Read Like A Writer

There are two ways to learn how to write fiction: by reading it and by writing it. Yes, you can learn lots about writing stories in workshops, in writing classes and writing groups, at writers' conferences. You can learn technique and process by reading the dozens of books like this one on fiction writing and by reading articles in writers' magazines. But the best teachers of fiction are the great works of fiction themselves. You can learn more about the structure of a short story by reading Anton Chekhov's 'Heartache' than you can in a semester of Creative Writing 101. If you read like a writer, that is, which means you have to read everything twice, at least. When you read a story or novel the first time, just let it happen. Enjoy the journey. When you've finished, you know where the story took you, and now you can go back and reread, and this time notice how the writer reached that destination. Notice the choices he made at each chapter, each sentence, each word. (Every word is a choice.) You see now how the transitions work, how a character gets across a room. All this time you're learning. You loved the central character in the story, and now you can see how the writer presented the character and rendered her worthy of your love and attention. The first reading is creative—you collaborate with the writer in making the story. The second reading is critical.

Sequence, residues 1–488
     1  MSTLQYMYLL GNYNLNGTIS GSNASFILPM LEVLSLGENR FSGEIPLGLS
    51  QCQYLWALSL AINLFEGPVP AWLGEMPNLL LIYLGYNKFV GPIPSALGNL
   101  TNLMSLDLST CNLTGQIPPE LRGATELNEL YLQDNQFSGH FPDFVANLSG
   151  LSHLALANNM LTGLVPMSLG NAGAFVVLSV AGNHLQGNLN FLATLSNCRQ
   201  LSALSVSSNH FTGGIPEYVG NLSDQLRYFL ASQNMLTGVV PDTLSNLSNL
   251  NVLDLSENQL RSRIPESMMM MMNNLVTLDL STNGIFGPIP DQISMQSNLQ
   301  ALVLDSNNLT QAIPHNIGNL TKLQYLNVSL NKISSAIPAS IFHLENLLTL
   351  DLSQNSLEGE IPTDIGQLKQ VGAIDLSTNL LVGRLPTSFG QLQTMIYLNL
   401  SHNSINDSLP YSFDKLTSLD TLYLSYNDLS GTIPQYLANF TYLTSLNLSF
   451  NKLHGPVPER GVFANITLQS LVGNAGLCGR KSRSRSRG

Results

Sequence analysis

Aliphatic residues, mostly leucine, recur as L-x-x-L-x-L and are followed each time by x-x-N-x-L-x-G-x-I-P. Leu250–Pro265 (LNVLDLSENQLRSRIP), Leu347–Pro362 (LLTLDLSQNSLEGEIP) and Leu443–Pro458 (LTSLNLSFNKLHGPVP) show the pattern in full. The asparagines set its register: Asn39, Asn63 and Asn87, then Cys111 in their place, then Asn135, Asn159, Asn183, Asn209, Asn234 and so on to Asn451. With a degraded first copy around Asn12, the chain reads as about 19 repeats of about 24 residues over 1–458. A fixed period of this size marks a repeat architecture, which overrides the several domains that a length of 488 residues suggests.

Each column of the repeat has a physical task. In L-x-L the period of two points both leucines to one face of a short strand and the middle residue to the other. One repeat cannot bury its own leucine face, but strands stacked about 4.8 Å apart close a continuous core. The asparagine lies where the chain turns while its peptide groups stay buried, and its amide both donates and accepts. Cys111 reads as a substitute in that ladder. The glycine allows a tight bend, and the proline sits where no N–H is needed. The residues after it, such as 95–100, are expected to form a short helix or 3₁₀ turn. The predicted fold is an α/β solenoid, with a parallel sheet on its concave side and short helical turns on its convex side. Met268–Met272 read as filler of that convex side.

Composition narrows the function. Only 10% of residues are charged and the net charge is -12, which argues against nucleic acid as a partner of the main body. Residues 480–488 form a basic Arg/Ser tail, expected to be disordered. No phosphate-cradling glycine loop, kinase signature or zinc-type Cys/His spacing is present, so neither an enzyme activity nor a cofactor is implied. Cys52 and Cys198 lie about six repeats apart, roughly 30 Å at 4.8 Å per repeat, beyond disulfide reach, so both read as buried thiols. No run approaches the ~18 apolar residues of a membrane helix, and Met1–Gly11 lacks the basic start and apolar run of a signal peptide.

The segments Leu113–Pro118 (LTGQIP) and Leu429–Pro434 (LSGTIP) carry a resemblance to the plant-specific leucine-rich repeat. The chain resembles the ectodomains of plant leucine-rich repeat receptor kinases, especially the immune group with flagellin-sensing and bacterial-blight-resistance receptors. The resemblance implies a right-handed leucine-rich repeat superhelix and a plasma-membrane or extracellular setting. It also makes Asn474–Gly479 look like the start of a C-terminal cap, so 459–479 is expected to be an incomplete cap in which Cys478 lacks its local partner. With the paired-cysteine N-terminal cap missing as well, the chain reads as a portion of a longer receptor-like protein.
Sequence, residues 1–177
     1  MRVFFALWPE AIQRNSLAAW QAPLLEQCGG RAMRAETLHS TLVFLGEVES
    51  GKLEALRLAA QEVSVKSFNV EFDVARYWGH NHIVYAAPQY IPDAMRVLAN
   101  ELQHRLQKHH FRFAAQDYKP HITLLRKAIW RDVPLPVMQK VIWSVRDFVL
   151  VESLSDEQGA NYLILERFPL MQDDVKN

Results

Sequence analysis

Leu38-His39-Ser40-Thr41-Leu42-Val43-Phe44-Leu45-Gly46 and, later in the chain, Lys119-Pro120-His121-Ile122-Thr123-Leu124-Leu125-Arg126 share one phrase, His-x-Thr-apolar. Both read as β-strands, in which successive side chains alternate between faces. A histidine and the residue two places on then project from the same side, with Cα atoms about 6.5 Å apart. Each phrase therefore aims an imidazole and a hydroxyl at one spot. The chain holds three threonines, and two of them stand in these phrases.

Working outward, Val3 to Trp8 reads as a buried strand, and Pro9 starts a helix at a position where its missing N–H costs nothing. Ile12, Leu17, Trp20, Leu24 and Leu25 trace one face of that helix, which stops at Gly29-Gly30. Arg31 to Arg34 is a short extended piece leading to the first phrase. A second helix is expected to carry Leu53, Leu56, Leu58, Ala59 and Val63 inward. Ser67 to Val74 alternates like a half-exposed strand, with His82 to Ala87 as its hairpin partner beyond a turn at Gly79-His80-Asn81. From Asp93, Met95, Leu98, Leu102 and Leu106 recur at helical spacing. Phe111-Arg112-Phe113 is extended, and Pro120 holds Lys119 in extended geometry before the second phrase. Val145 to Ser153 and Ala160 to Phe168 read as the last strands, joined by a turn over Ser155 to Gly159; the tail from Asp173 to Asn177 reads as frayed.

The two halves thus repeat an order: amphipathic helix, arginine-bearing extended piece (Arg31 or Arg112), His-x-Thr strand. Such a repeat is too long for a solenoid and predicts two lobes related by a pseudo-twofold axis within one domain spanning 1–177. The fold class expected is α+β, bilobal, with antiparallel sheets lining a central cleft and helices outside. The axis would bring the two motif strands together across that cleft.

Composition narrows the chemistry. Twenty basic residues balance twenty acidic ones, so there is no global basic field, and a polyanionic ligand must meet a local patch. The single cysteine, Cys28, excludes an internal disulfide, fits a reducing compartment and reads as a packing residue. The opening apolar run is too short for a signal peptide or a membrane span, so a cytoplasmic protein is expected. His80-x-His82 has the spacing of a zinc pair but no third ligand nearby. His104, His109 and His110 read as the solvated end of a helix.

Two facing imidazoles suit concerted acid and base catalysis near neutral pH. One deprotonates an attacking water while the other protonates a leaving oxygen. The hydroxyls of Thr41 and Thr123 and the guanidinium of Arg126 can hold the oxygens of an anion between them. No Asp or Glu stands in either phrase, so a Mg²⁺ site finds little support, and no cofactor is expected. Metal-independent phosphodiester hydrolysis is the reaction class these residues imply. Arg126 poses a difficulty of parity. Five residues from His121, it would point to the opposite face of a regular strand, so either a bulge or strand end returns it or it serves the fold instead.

John Dufresne, from his book, The Lie That Tells A Truth: A Guide to Writing Fiction


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Friday, May 12, 2017

Personality of the Author by F. V. N. Painter

Every literary work reveals, to a greater or less degree, the personality of the author. Every literary production may be regarded as the fruitage of the writer's spirit; and there is good authority for saying that "men do not gather grapes of thorns or figs from thistles." A book exhibits not only the attainments, culture, and literary art of the writer but also his intellectual force, emotional nature, and moral character. Wide attainments are revealed in breadth of view and in mastery of large resources. Culture is exhibited in a general delicacy of thought, feeling, and expression. Literary art is shown in the choice of words and in their arrangement in sentences and paragraphs. The artistic sense, without which a finished excellence is not attainable, reveals itself in the proportion, symmetry, and completeness of a work.

Excrepted from Elementary Guide to Literary Criticism by F. V. N. Painter.

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